Setting Up MonoGame

Setting Up MonoGame

We're ready to begin our adventure! Our first step will be to install the necessary software to start making games with MonoGame. Fortunately for us, this software is free! (All of the software I recommend is free, or I'll suggest a free alternative that could work almost as well.)

There will be two pieces to the installation process:

1. Install Visual Studio 2015 Community Edition (if you haven't already).
2. Install MonoGame.

Installing Visual Studio

Our first stop will be to install Visual Studio, if you don't have it already. (If you've gone through my C# tutorials, you've already got this, and you can skip ahead.) Visual Studio is an Integrated Development Environment (IDE) provided by Microsoft that is used to make all sorts of software.

Choosing an Edition

Visual Studio comes in a number of variations, ranging from free to insanely expensive. The 2013 edition of Visual Studio has four options for you to choose from: Professional, Premium, Ultimate, and Community. There are a few other options (including some now-outdated Express options) but these four are the big four.

We'll start with Professional. This is sort of the main version of Visual Studio. It has the power to do every kind of project type (command line, web, desktop, cloud, game dev, etc.) and a ton of features to make it easy to get stuff done. It is really intended for real actual companies to purchase, and it's price of roughly $500 reflects that. It's a little too expensive for most students, hobbyists, and indie developers. Don't worry; we'll address this problem in a second.

Premium and Ultimate have a few more features, mostly related to software design (which I prefer to do on paper and in other programs anyway) for additional cost. They get quite pricey, and are definitely aimed at software development companies. If you're here learning C#, MonoGame, or XNA (which is a safe bet since you're reading this tutorial) these are definitely overkill. So I don't recommend these to people reading this tutorial.

But this brings us to the one I do recommend: the Community Edition.

The Community Edition is the exact same thing as Professional, just with a different licensing structure, and it's completely free!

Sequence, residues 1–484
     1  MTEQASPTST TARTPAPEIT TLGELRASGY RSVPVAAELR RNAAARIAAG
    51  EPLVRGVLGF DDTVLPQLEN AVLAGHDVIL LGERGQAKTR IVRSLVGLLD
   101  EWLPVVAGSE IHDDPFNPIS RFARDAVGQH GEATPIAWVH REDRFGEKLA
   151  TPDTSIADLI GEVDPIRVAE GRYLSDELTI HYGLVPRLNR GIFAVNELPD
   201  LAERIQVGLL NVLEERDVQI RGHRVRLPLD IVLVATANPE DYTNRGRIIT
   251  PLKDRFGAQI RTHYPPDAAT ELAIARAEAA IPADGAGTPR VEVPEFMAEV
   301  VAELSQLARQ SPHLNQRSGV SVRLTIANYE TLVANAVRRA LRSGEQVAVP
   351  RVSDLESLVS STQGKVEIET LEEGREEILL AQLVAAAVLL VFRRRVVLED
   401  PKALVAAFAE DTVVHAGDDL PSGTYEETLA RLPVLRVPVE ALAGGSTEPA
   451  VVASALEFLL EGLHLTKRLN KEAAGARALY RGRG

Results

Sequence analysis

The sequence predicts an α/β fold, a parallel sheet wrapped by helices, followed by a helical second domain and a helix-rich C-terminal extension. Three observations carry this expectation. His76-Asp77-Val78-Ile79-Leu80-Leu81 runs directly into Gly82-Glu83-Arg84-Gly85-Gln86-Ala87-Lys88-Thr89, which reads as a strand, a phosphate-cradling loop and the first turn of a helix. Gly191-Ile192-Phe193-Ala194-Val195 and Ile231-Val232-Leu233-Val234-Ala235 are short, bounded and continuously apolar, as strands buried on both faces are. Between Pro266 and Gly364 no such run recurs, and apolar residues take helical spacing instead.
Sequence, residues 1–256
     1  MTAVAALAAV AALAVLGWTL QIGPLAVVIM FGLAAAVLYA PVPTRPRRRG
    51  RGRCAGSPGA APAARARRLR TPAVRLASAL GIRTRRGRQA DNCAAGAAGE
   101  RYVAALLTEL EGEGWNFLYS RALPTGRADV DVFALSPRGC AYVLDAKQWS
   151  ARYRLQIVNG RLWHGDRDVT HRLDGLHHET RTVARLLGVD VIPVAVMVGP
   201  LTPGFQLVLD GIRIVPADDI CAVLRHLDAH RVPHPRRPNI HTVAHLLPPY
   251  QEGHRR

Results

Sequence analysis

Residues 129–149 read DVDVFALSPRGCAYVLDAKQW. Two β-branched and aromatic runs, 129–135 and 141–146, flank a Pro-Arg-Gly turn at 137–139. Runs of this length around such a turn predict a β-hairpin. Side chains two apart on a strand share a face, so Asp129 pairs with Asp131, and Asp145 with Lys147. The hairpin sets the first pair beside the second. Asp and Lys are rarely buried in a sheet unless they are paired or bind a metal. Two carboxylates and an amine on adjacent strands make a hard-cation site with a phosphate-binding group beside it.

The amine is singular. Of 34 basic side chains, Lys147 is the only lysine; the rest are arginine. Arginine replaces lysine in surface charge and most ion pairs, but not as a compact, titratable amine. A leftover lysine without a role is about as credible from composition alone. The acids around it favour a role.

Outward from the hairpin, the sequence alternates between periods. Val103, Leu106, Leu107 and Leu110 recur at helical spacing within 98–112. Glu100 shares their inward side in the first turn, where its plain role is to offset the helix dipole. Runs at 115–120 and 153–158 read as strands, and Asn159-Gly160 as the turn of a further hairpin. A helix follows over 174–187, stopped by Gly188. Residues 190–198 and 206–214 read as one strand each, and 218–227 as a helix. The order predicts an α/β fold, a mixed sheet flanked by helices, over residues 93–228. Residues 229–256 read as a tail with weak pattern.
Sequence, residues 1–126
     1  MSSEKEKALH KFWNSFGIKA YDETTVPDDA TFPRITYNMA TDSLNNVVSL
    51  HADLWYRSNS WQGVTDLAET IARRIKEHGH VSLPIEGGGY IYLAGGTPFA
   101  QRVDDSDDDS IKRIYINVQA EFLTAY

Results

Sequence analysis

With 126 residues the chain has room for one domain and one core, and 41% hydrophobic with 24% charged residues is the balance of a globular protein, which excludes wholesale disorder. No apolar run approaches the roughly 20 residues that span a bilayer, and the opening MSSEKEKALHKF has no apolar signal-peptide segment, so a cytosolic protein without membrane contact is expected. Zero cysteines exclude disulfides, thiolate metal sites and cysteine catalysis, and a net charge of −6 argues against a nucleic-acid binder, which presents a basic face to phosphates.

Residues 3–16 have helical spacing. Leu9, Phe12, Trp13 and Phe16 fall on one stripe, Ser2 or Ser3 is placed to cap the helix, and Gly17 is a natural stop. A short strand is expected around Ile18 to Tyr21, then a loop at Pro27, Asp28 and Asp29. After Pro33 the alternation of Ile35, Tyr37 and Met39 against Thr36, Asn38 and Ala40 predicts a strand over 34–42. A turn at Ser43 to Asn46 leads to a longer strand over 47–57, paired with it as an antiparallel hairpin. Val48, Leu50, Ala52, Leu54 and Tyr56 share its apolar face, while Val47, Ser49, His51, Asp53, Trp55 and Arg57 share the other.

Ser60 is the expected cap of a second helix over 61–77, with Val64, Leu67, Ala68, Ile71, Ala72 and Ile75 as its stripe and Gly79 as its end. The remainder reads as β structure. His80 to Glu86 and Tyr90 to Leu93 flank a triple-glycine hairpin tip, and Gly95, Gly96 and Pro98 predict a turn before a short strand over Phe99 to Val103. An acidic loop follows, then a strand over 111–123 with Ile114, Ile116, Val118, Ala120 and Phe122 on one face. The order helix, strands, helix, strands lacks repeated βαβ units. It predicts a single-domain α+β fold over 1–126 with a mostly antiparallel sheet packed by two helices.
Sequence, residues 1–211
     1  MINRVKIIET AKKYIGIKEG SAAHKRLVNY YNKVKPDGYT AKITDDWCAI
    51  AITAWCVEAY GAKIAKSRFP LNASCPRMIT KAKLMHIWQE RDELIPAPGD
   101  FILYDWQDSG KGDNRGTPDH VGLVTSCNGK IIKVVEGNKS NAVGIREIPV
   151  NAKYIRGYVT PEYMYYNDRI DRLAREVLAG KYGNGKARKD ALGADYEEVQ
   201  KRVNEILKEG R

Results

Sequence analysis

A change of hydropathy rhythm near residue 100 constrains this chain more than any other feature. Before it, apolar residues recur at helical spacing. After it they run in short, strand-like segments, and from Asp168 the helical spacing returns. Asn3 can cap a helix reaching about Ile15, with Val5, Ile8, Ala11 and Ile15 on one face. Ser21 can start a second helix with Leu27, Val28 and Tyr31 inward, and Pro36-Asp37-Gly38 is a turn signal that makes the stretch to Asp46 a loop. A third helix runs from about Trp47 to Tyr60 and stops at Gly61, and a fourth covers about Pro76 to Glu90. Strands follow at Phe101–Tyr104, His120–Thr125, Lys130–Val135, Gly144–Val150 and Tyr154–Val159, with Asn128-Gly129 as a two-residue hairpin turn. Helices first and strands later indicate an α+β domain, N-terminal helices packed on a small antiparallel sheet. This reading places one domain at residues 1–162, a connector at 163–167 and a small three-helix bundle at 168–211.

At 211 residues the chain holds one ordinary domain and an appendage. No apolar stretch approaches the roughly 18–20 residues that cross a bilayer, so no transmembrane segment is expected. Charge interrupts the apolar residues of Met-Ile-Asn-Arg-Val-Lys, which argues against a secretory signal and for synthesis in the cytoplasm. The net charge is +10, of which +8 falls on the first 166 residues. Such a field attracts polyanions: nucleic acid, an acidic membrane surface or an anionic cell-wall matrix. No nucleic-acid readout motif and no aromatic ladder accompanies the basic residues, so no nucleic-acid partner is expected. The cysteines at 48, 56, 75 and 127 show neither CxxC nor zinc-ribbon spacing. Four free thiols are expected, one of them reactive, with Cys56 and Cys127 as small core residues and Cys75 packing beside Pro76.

To answer the first question you probably have with a Community Edition: Yes, you can create and sell things commercially with the Community Edition. The license specifically allows this.

Community vs. Pro is Microsoft's way of separating the businesses that have money to pay for Visual Studio out from the tiny companies and individuals who do not, and charging them appropriately.

If you feel like you might be on the border, you should read the license yourself to make sure you're clear to use Community, but basically, you're allowed to use Community if you do not fit into one of the following categories:

  • You have 5+ Visual Studio developers in your company. (If you're getting it for home, you don't count the place you work for. You have 1 developer.)
  • You have 250+ computers in your company.
  • You have a gross income of $1,000,000 or more.

If any of the above are true, you need to buy Professional. But I'm guessing you don't fit into any of those categories. (And if you do, the $500 for Visual Studio Professional is nothing.)

There are a couple of other loopholes as well. If you're doing strictly open source development or if you are using it for educational purposes (and not selling stuff) then you can still use Community even if you fit under one of those earlier categories.

At any rate, Community and Professional are essentially identical, with a different license, and so Community is the one to choose here.

I should briefly mention Express Editions. In the past, there have been stripped down versions of Visual Studio called the Express Edition. These were free to use, and had many features removed. In 2014, Microsoft announced the aforementioned Community edition, essentially retiring the various Express Editions.

The 2013 family of Visual Studio still has the Express Editions available for download, but because they have fewer features than Community, it's not the preferred option anymore. The 2015 family of Visual Studio will have no Express Editions at all.

Downloading Visual Studio

After reading the last couple of sections, there's a good bet that you've now selected Visual Studio 2013 Community Edition. You can download that here:

I'm sure you understand how to walk through the installation process, so I'll leave off the step-by-step details. Run the thing and get Visual Studio installed!


Microsoft does eventually seem to require you to register your copy of Visual Studio, which requires giving them an email address. I've never felt like they've spammed me with this. The emails seem to be rather rare, and notify me when a new version of Visual Studio is available, which is nice.

If you don't register, you'll only have about a 30 day free trial (yes, a free trial for free software, which is a little odd) before they block you.

For the free Community edition, this only requires an email address, not a credit card or anything like that.

Installing MonoGame

With Visual Studio installed, you're ready to install MonoGame. Currently, MonoGame is version 3.5.1, but I know that is bound to change eventually. Like with Visual Studio, if when you read this, you discover that there is a version newer than 3.5.1, please let me know so that I can fix it.

The place to download MonoGame is here:

(Follow the link to 3.5 and then click on MonoGame 3.5 for Visual Studio.)

Wrap Up

At this point, you should have everything you need to start making games with MonoGame! In the next tutorial, we'll do just that!

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